MENTAL HEALTH

More Young Americans Are Succumbing to “Deaths of Despair”

By Temma Ehrenfeld @temmaehrenfeld
 | 
September 14, 2021

Deaths of despair due to drugs, alcohol, and suicide have increased among people 25 to 34 years old since 2010.

We think of our 20s and early 30s as a time of peak strength and health before the illnesses of aging may set in. It is especially tragic when someone so young dies.

But more and more Americans in that age group have been dying since 2010. You can blame the COVID pandemic in part for a quarter jump in deaths of despair in 2020. But the death rate increased by a quarter in the previous nine years. Altogether, the death rate for 25 to 34 year-olds jumped by more than half from 2010 through 2020.

The main reason: deaths from drugs, alcohol, and suicide.

That hasn’t always been true. In the 1960s, deaths of young adults increased but because of car accidents and murders. In the 1980s and early 1990s, it jumped because of HIV/AIDS. Then, beginning in 2000, drug overdoses began their steady climb, followed by suicides.

Meanwhile, death rates in this age group have dropped fairly steadily since 1960 in France, Canada, the United Kingdom, and Japan.

On top of the opioid crisis, which has hit Americans especially hard, our young people are more likely to die in a car or by a gun. More Americans own guns, and more Americans speed when they drive.  Americans without college degrees and rural Americans have especially high death rates.

Why are there so many suicides?

It’s important to realize that suicide statistics probably underestimate the problem, since many deaths will be classified as accidents. No one can say exactly why someone drove 80 miles an hour while they were drunk. The Centers for Disease Control and Prevention reports that people who have experienced violence, including child abuse, bullying, or sexual violence, have a higher suicide risk. Veterans[DE3] , people who live in rural areas, workers in mining and construction, and people who are not heterosexual are also at higher risk. Having access to guns is a factor: About one-half of U.S. suicides involve firearms. On the other hand, people who are connected to family and a community are less likely to attempt suicide.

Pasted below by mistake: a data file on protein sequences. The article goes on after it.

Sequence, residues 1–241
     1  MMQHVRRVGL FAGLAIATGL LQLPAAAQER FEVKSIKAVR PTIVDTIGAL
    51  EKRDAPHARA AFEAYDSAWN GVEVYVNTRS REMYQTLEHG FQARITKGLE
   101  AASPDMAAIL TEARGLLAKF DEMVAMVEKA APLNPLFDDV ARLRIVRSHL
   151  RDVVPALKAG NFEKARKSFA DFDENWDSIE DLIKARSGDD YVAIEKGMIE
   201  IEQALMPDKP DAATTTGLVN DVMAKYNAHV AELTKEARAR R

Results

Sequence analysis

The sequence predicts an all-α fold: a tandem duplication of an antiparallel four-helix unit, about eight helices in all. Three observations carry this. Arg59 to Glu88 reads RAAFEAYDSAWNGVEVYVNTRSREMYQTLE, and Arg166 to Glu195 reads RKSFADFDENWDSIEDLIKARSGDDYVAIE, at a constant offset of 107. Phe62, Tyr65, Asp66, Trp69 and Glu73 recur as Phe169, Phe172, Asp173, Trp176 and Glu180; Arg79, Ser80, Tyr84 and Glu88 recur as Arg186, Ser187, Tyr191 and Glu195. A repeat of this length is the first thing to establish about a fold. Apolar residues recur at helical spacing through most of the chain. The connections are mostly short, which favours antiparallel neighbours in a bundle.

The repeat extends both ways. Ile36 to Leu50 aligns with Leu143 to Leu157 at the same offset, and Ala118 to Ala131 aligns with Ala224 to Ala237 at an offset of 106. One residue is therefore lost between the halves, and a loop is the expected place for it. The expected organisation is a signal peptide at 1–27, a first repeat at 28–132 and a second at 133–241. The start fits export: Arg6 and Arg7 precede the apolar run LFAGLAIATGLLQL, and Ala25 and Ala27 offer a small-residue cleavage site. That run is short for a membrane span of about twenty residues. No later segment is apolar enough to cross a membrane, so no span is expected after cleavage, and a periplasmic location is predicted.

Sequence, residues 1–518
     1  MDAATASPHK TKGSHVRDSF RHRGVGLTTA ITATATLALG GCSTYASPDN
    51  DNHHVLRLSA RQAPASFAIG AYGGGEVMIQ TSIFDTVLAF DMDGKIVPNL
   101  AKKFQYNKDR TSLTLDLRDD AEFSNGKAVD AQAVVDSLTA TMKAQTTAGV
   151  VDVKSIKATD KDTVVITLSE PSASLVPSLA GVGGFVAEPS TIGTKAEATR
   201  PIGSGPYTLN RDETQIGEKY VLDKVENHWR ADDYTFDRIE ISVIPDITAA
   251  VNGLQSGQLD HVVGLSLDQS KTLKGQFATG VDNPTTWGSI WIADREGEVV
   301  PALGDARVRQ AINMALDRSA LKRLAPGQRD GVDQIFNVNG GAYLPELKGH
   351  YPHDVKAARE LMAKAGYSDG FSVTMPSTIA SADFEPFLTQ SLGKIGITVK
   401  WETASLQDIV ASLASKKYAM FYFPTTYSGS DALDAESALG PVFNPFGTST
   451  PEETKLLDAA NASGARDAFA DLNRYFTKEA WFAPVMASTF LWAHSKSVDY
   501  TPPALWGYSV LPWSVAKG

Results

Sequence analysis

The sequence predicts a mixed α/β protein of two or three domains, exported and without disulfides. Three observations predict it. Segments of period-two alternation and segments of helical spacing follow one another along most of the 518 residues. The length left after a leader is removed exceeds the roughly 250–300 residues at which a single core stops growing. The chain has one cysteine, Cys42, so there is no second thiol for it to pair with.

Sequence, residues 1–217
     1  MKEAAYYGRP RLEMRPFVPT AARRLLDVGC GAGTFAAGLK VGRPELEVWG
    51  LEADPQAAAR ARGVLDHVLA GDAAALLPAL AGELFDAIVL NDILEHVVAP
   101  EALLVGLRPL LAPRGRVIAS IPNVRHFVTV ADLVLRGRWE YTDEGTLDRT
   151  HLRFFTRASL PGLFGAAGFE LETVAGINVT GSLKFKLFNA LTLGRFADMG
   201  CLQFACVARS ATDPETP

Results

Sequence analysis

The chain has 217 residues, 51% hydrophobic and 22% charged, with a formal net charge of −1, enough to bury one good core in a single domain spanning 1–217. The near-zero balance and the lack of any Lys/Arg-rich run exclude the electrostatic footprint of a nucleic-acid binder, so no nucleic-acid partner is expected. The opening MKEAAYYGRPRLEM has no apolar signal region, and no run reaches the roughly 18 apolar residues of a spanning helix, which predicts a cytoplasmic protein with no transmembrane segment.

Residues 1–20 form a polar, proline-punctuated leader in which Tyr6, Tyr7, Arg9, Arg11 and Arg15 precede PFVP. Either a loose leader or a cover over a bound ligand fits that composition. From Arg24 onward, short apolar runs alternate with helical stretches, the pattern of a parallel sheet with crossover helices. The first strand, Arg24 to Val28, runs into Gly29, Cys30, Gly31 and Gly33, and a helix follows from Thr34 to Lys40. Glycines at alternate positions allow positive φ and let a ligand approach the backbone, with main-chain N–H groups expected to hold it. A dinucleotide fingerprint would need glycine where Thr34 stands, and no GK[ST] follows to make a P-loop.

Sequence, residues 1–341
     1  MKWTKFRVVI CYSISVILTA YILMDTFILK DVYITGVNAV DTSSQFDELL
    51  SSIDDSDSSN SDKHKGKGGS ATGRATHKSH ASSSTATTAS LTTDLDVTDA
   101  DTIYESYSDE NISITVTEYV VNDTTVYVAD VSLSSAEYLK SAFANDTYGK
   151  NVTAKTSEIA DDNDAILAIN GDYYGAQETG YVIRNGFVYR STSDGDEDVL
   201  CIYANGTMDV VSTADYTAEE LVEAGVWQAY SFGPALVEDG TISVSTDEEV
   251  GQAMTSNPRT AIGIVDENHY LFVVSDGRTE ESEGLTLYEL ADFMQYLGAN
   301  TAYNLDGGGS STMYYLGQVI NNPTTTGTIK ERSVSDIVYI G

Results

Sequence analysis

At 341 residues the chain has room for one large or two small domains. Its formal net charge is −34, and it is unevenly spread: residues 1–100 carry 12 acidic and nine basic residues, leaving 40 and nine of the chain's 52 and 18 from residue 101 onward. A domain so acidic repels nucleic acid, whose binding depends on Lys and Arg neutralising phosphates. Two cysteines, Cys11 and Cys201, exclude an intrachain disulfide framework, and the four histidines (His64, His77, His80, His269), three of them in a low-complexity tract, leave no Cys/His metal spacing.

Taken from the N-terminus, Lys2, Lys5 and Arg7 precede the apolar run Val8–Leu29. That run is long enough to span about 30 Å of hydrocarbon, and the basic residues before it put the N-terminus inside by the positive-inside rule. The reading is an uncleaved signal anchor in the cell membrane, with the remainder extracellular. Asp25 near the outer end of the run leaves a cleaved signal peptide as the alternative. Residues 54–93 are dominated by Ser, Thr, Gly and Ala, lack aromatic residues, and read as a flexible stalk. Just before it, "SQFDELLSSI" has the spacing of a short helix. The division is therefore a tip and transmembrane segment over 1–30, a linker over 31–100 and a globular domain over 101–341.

How to possibly stop deaths from despair

A variety of programs have been proposed to get at the roots before young people face adulthood. An increase of funds for mental health and drug abuse prevention programs in school could help. Schools also need more resources to address and screen for childhood trauma.

Other actions that might help:

  • Providing parents and other caregivers with substance use disorder treatment
  • Focusing on keeping at-risk children in safe homes while improving the foster care system
  • Tightening enforcement against speeding and drunk driving
  • Developing more ways to prevent suicide by firearms

How are other age groups doing?

Americans 65 and older have seen a steady improvement in life expectancy for almost a century, until the arrival of COVID-19. For people in their middle years, there was a slight increase in death rates in the past decade before the pandemic, but the overall pattern has been good. For infants and children, the last century has seen big improvements, although sudden infant death syndrome has been a bigger problem in the United States than in Europe.

Updated:  

September 14, 2021

Reviewed By:  

Janet O’Dell, RN